And I think it should be mentioned that Guns, Germs and Steel is rather extreme in suggesting an 'geological determinism.'  While his arguments are generally quite good, there is simply quite a bit more happening. A nice book to balance this is Ian Morris, Why the West Rules--For Now.
 Jarred Diamond actually warns of this determinism fallacy, but the book certainly left me with the impression that such a determinism exists.
 http://onlinelibrary.wiley.com/doi/10.1111/j.1475-4959.2008.... (paywall)
One way to phrase the distinction is that no one really expects huge empires in Antarctica, so everyone admits there's some role to the environment. GGS talks about more complicated effects that the environment has, without saying anything about the outcome being deterministic. It argues that the odds were somewhat higher of Europe invading North America than vice-versa, and doesn't even try to quantify by how much.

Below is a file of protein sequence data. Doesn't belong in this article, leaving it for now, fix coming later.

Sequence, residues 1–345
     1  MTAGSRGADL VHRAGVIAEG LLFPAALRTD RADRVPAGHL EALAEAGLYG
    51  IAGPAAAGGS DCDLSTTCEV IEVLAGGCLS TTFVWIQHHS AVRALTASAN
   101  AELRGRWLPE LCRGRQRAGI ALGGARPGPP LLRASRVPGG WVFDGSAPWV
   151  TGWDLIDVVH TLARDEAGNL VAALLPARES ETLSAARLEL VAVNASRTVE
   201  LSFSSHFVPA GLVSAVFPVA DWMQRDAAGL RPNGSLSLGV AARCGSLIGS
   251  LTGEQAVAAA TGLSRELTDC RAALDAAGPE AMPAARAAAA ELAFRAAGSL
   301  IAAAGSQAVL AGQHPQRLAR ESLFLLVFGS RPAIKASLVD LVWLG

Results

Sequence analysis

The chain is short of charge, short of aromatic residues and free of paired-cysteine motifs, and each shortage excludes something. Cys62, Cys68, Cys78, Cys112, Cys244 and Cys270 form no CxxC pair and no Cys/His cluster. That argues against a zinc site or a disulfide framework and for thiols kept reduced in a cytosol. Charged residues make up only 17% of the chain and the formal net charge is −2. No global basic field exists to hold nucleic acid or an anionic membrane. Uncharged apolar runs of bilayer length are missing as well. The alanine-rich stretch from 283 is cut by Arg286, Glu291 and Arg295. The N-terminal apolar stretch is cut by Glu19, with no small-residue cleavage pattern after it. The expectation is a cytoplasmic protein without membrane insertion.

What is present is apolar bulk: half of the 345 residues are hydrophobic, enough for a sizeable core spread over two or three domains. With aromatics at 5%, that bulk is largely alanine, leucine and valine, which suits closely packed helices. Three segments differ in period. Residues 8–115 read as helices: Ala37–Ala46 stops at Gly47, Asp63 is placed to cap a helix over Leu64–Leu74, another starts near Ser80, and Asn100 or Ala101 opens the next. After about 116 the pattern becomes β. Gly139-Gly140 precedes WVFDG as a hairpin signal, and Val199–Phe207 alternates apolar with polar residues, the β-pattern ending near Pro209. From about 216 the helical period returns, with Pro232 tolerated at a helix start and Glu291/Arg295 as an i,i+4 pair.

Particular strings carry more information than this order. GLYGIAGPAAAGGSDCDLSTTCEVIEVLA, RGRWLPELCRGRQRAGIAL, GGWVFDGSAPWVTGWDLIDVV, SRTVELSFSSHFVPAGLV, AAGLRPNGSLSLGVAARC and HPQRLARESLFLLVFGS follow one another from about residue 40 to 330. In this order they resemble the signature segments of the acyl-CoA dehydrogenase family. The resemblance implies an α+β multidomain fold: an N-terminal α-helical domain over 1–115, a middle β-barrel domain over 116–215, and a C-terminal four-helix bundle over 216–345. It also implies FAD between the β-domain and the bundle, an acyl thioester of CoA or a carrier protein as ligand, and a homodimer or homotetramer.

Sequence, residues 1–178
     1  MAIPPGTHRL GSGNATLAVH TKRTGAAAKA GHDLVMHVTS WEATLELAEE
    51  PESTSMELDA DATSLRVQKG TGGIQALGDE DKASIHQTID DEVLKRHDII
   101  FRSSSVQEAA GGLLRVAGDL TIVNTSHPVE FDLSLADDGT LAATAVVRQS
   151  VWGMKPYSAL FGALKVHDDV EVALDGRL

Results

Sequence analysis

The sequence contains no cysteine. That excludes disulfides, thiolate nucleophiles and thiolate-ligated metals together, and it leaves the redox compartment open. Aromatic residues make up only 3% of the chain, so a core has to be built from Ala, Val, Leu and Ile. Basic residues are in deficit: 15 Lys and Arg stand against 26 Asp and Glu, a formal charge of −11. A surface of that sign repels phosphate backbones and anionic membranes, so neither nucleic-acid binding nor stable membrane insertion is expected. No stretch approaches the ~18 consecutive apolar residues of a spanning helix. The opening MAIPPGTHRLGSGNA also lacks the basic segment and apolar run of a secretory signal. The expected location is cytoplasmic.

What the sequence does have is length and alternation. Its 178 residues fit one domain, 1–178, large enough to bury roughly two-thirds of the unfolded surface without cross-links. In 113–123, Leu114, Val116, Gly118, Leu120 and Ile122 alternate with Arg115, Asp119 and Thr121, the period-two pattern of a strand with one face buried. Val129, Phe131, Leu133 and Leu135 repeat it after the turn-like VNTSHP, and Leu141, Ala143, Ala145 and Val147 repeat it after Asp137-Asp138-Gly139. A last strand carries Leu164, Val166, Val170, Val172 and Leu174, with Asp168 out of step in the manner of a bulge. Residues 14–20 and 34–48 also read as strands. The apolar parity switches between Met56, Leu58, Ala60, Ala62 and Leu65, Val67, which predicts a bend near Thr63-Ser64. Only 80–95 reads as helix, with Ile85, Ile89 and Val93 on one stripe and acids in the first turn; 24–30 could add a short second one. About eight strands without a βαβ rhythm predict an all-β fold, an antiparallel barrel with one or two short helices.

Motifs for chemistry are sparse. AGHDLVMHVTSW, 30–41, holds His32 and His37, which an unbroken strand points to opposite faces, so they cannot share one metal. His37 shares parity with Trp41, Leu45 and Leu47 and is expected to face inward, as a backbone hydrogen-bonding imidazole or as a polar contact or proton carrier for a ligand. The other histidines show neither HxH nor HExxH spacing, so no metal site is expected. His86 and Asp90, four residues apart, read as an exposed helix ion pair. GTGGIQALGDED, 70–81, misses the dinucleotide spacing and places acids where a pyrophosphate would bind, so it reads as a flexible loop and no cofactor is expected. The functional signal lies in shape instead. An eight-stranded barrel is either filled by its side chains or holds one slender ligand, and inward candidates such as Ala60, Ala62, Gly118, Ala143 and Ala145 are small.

According to the book, the reason China has a large stable empire was because of China's geography, which was mostly flat and well-connected by the Yangtze and the Yellow river. With few geographical segments, this led to the people being less likely to form 'tribes' and more likely to be united culturally.
This is in contrast to Europe, which has a large impassible mountain range in the middle, and lots of peninsulas and small rivers, forming natural boundaries. This led to Europe being more diverse culturally.